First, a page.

– Where is it going?

For the first time in a long time I had a real two-week holiday. Virtually without the Internet or any other means of communication. While I was away, two things happened – one good and one bad.

A Polish-Jewish businessman residing in the US, Seweryn Aszkenazy, lost a lawsuit after he tried to sue Ms. Katarzyna Markusz, the head of


The authorities of the Jewish community in Warsaw and the Union of Jewish Religious Communities blocked her access to the website, of which she had been the administrator, without any explanation. It happened just before a new version of the website was launched, on which she had been working for months thanks to a grant she had applied for and received.

Let’s start with the lawsuit.

Seweryn Aszkenazy, who has been supporting the Judaic religious organization Beit Warszawa and Beit Polish for several years, decided to go to court after the article “Heritage? – I’ll take it ‘as is” php / en / wiadomopci-mainmenu-57/6015-heritage-ill-take-it-as-is.html was posted on the website. In the lawsuit, he accused the Author, Ms. Katarzyna Markusz, of infringement of his personal rights and providing false information.

In the conclusion of the trial that started in October 2014, the court dismissed all of Aszkenazy’s allegations, ordering him to cover the costs of the proceedings. The court also did not find any shortcomings in Ms. Katarzyna Markusz’s work as a journalist.
An interesting aspect of the trial was Aszkenazy’s testimony regarding the issue of him financing Mr. Nissan Tzur, former associate of Ma’ariv, Jerusalem Post and other Israeli media. Once the conclusion of the ruling and the minutes of Aszkenazy’s testimony are available in writing, another article will probably be written – the question remains where it will be published.

For unless some fundamental things change, it most certainly will not be published on

I am the founder of that website.

It was created in the early 1990s, with virtually hand-built servers, subsidized in turn by the ORT, the Ronald S Lauder Foundation, and the AJDC. Since its launching well over ten years ago, it has published thousands of articles and it was one of the first online sources of information on Polish Jews, religion, and the State of Israel. It was there, on, that another important source of information about Jews was born – namely the Forum of Polish Jews.

Serious journalists have written for the website.

The website has been developing freely, with various types of texts being posted– at times somewhat controversial. Until recently, none of the sponsors ever interfered with its content. Each polemist always had the right to retort. During all these years, not once did the website have to publish a dementi. What mattered was that the text was good, interesting and honest.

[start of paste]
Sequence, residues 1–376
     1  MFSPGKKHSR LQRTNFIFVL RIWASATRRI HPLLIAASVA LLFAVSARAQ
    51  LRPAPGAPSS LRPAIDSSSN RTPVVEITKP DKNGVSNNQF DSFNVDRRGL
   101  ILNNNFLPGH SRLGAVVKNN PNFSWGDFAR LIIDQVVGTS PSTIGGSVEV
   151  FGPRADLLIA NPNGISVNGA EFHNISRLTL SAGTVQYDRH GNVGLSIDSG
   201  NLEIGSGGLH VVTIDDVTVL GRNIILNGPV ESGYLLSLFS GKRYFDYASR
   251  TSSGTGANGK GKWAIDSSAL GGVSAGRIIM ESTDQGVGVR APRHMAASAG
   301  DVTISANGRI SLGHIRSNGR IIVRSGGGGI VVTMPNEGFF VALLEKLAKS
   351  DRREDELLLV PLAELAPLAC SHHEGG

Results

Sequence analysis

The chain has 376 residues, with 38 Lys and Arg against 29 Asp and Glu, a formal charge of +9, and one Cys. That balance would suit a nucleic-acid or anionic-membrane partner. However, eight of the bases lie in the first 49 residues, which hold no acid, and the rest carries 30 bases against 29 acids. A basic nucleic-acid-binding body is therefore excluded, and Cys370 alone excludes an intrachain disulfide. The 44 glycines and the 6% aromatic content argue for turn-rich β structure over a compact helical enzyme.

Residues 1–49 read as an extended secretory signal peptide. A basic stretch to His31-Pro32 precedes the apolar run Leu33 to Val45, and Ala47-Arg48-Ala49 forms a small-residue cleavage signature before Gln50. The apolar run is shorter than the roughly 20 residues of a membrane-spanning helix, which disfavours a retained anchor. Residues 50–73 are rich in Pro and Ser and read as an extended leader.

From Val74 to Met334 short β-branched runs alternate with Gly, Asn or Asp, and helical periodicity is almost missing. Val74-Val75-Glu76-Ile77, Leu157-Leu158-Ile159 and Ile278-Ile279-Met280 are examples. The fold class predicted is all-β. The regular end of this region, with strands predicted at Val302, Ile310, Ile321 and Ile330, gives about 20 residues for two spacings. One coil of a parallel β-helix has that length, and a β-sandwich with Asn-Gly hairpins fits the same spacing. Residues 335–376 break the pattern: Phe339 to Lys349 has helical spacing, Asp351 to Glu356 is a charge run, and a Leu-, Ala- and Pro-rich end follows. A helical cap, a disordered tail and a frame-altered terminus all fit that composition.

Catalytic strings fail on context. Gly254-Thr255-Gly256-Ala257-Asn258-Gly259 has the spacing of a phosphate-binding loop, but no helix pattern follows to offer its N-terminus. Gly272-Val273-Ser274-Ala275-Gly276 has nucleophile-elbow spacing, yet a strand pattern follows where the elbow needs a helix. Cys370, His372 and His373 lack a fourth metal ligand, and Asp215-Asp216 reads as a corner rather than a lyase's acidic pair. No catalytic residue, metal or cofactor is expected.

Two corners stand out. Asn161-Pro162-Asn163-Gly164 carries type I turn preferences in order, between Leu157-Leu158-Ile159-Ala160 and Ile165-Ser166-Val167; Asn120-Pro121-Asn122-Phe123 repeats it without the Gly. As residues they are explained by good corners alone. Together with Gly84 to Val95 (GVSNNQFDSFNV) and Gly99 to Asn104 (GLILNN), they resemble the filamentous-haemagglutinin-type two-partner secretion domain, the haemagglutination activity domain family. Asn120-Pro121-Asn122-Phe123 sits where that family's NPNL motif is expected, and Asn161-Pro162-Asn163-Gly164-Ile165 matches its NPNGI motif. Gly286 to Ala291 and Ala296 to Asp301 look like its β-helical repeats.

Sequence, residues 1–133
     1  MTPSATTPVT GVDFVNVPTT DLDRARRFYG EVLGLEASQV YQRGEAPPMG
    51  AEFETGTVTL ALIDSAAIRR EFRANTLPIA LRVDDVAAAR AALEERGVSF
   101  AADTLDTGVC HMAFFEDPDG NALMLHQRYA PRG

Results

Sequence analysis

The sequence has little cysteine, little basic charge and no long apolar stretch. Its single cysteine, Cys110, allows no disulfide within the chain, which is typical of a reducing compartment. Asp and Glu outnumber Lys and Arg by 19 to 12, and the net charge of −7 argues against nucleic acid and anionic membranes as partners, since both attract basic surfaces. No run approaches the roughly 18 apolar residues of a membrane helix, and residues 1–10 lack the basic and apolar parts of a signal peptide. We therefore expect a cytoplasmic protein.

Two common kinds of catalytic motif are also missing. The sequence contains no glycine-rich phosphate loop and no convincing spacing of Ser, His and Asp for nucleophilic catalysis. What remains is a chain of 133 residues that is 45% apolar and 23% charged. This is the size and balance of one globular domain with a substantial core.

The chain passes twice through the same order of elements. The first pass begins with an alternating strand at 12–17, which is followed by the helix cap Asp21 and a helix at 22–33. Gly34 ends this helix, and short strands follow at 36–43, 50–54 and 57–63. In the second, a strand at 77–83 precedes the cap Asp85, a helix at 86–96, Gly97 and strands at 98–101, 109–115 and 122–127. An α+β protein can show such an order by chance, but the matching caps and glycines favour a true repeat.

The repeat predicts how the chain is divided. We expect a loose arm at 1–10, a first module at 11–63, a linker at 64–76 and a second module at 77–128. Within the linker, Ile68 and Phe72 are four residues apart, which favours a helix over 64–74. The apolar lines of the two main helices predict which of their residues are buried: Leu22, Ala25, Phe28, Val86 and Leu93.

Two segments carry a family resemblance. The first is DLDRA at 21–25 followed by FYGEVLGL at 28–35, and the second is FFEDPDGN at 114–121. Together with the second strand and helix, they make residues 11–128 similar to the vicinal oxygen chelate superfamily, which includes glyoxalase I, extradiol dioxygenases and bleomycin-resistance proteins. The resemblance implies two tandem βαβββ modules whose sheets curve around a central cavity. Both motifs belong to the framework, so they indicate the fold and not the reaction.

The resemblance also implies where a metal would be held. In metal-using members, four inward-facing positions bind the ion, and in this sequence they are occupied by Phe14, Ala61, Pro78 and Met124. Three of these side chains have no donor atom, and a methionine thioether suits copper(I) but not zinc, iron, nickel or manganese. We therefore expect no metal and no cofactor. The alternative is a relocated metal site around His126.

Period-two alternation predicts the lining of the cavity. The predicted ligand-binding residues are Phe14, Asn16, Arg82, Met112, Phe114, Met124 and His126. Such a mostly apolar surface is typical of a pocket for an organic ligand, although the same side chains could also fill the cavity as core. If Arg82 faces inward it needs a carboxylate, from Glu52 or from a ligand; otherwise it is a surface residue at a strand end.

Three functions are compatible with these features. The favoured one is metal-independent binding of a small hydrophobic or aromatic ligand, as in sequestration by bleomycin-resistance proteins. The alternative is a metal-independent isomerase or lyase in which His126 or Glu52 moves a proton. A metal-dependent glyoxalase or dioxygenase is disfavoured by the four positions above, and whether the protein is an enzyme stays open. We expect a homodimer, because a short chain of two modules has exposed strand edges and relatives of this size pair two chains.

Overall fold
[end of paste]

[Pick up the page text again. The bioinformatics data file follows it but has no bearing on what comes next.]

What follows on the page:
Until recently.

Last year, there was a change of the authorities of the Jewish Community in Warsaw and the Union of Jewish Religious Communities. The new authorities did not want to be a source of information, nor a website dedicated to journalism, but rather a place where they could be promoted.

First problems started during the debate on the location of the monument to the Righteous Among the Nations in front of Museum of the History of Polish Jews. At first it was subtle, but soon it was “suggested” that some topics better be avoided. The new authorities of the Jewish Community in Warsaw and the Union of Jewish Religious Communities banned any critical texts about the Ministry of Culture, the Ministry of Foreign Affairs, or the Mayor of Grodzisk Mazowiecki (where a private company wants to build an underground parking lot at the Jewish cemetery), as well as other ministries and local government.

In my youth we called it “censorship”.

Readers of must have noticed that in recent months the website has become a source of information in events past and future. It has ceased to be a place of controversy and discussion.

Now it has ceased to be at all.

I am writing these words feeling very bitter indeed.

The medium that has existed for years, funded by various organizations, representing a wide range of political views, was first reduced and then blocked without any consultation or explanation, by people who perhaps thanks to that very place learned what it means to be Jewish. They could benefit from that source of knowledge, produced through the effort of many people for many years. One that has been active on the “Jewish street” ceaselessly and much longer than they have.